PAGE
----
Consensus statements for management of Barrett's dysplasia and early-stage oesophageal adenocarcinoma

NICE has accredited the process used by the BAD CAT (BArrett's Dysplasia and CAncer Taskforce) consensus group to produce its guidelines using consensus statements for management of Barrett's dysplasia and early-stage oesophageal adenocarcinoma. Accreditation is valid for 5 years from September 2012 and is retrospectively applicable to guidance produced using the processes described in the International consensus of the management of dysplastic Barrett's and cancer (2010).

 

The Role of Faecal Calprotectin in Primary Care

A joint position statement by the Neurogastroenterology & Motility and IBD sections of the BSG:

Faecal calprotectin is recommended for use in primary care to aid in the differential diagnosis of inflammatory bowel disease (IBD) or irritable bowel syndrome (IBS) in adults with recent onset lower gastrointestinal symptoms for whom specialist assessment is being considered1. This should be in patients aged less than 60 with inflammatory bowel type symptoms in whom cancer is not suspected. Appropriate quality assurance processes and locally agreed care pathways should also be in place for the testing. A normal cut off value of 50µg/g is recommended2. It is anticipated that this strategy would lead to a reduction in secondary care referrals and colonoscopies with associated reduced cost and morbidity1,2,3.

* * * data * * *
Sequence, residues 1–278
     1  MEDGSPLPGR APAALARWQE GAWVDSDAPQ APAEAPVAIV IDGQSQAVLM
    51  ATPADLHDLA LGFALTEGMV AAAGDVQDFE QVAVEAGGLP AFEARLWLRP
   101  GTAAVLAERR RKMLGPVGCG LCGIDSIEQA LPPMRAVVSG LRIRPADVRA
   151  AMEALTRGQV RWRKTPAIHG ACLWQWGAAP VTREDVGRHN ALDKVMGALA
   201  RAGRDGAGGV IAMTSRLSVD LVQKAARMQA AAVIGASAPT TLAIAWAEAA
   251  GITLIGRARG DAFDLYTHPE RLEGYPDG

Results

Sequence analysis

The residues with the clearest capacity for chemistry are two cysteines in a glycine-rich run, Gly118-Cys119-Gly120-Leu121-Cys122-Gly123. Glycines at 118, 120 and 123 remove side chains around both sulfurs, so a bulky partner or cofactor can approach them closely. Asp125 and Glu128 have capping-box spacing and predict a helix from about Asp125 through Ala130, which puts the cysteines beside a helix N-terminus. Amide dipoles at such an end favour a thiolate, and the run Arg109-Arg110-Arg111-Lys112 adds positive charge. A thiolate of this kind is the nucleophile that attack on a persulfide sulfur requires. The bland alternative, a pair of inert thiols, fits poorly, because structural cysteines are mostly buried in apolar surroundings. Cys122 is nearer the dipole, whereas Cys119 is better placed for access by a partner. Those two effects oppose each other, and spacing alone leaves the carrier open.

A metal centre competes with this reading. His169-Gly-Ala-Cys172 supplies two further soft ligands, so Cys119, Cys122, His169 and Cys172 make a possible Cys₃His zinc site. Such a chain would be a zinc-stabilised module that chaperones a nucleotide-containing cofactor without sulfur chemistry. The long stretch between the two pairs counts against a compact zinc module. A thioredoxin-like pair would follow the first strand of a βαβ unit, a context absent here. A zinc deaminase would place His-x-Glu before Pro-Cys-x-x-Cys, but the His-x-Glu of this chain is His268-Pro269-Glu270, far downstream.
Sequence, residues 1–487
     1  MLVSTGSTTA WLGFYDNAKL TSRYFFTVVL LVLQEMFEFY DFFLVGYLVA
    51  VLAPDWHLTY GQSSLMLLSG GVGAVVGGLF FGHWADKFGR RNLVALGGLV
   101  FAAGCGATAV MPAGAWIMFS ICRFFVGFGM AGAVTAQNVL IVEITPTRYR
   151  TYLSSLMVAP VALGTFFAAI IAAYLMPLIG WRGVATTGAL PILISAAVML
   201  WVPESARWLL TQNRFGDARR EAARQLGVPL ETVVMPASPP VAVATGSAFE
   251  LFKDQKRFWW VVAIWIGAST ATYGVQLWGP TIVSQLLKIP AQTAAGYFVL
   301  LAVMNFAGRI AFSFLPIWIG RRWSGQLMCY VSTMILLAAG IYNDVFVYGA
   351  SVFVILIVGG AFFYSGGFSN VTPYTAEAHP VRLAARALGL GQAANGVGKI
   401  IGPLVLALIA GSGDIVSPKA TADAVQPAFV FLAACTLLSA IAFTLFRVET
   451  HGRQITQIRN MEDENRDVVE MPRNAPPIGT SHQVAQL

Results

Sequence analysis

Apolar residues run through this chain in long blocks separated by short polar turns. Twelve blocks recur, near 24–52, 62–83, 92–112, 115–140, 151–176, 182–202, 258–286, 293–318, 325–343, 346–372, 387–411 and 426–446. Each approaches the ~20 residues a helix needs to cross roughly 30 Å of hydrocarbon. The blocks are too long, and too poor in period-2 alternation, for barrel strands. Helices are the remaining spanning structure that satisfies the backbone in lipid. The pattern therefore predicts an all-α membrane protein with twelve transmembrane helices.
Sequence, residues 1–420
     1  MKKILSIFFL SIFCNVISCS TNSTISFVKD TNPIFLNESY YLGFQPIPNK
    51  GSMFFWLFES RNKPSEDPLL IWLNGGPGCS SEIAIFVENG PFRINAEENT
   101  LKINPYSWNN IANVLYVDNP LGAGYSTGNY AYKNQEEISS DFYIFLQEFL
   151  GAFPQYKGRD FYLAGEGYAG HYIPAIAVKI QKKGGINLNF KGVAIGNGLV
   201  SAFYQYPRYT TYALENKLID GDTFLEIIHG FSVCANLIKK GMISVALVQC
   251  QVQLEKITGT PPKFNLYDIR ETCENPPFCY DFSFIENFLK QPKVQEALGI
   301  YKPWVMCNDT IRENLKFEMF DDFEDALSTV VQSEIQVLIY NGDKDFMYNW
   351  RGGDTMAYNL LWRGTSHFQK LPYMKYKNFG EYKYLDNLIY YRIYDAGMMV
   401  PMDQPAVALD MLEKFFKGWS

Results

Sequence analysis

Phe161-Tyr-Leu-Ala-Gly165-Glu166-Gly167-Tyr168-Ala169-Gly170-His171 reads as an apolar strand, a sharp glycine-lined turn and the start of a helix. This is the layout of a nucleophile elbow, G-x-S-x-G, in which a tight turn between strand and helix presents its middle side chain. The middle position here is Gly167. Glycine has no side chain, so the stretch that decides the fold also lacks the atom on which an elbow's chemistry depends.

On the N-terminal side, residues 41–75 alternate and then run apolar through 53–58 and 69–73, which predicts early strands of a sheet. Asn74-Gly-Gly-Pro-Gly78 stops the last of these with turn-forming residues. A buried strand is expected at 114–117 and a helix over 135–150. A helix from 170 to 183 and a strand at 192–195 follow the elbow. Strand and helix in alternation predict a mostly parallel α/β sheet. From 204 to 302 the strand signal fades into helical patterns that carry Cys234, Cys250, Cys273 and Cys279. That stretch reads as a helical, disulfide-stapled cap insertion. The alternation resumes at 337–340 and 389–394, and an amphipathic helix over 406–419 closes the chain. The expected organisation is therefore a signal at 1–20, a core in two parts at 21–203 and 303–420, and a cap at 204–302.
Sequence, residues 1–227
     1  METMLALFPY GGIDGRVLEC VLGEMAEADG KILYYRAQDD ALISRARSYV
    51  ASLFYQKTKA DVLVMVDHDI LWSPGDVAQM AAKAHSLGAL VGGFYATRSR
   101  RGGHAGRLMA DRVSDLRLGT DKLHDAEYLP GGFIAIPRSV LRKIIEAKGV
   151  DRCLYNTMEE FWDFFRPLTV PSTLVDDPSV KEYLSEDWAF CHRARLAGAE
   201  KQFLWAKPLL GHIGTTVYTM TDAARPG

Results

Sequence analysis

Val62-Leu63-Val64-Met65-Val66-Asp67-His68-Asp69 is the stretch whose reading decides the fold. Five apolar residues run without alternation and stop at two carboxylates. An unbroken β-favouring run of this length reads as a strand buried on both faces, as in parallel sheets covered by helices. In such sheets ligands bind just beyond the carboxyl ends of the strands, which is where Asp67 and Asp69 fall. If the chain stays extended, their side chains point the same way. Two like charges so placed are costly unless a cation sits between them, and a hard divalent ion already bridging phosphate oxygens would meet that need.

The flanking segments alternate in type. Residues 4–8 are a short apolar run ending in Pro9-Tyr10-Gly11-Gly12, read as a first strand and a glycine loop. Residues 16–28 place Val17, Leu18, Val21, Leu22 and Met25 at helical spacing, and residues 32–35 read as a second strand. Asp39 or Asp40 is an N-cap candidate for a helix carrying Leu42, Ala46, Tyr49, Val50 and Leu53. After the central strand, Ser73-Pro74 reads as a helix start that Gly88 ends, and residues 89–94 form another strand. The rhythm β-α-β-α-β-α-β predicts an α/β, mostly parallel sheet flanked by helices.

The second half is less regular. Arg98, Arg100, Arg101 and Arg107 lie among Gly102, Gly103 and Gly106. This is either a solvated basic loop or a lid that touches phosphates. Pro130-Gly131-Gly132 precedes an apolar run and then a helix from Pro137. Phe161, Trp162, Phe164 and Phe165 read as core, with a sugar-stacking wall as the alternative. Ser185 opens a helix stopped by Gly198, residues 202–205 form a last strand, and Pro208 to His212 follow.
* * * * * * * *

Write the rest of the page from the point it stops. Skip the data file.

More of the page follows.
Faecal calprotectin is additionally recommended for use in follow-up of patients with inflammatory bowel disease for detection of relapse or treatment failure in secondary care. A normal cut off value of 250µg/g is recommended3. A lower cut off of 50µg/g could be considered in secondary care to differentiate inflammatory from non-inflammatory lower gastrointestinal symptoms2.

References:

  1. NICE guidance DG11 Faecal calprotectin diagnostic tests for inflammatory diseases of the bowel: guidance
  2. Faecal calprotectin for differentiating between irritable bowel syndrome and inflammatory bowel disease: a useful screen in daily gastroenterology practice. Banerjee A et al. Frontline Gastroenterology in Press
  3. Utility of Faecal Calprotectin in Inflammatory Bowel Disease (IBD) – what cut offs should we apply? Dhaliwal A et al. Frontline Gastroenterology in Press